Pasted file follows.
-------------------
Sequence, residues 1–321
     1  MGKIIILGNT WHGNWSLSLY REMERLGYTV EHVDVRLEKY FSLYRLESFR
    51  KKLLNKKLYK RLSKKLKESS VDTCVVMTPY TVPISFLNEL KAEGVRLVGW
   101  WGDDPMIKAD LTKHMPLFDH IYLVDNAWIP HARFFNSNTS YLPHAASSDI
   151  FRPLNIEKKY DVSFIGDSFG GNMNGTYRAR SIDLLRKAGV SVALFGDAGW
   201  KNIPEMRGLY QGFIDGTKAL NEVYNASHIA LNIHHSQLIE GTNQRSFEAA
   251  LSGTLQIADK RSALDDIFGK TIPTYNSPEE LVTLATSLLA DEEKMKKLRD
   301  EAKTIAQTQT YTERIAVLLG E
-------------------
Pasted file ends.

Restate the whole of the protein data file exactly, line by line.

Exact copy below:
Sequence, residues 1–321
     1  MGKIIILGNT WHGNWSLSLY REMERLGYTV EHVDVRLEKY FSLYRLESFR
    51  KKLLNKKLYK RLSKKLKESS VDTCVVMTPY TVPISFLNEL KAEGVRLVGW
   101  WGDDPMIKAD LTKHMPLFDH IYLVDNAWIP HARFFNSNTS YLPHAASSDI
   151  FRPLNIEKKY DVSFIGDSFG GNMNGTYRAR SIDLLRKAGV SVALFGDAGW
   201  KNIPEMRGLY QGFIDGTKAL NEVYNASHIA LNIHHSQLIE GTNQRSFEAA
   251  LSGTLQIADK RSALDDIFGK TIPTYNSPEE LVTLATSLLA DEEKMKKLRD
   301  EAKTIAQTQT YTERIAVLLG E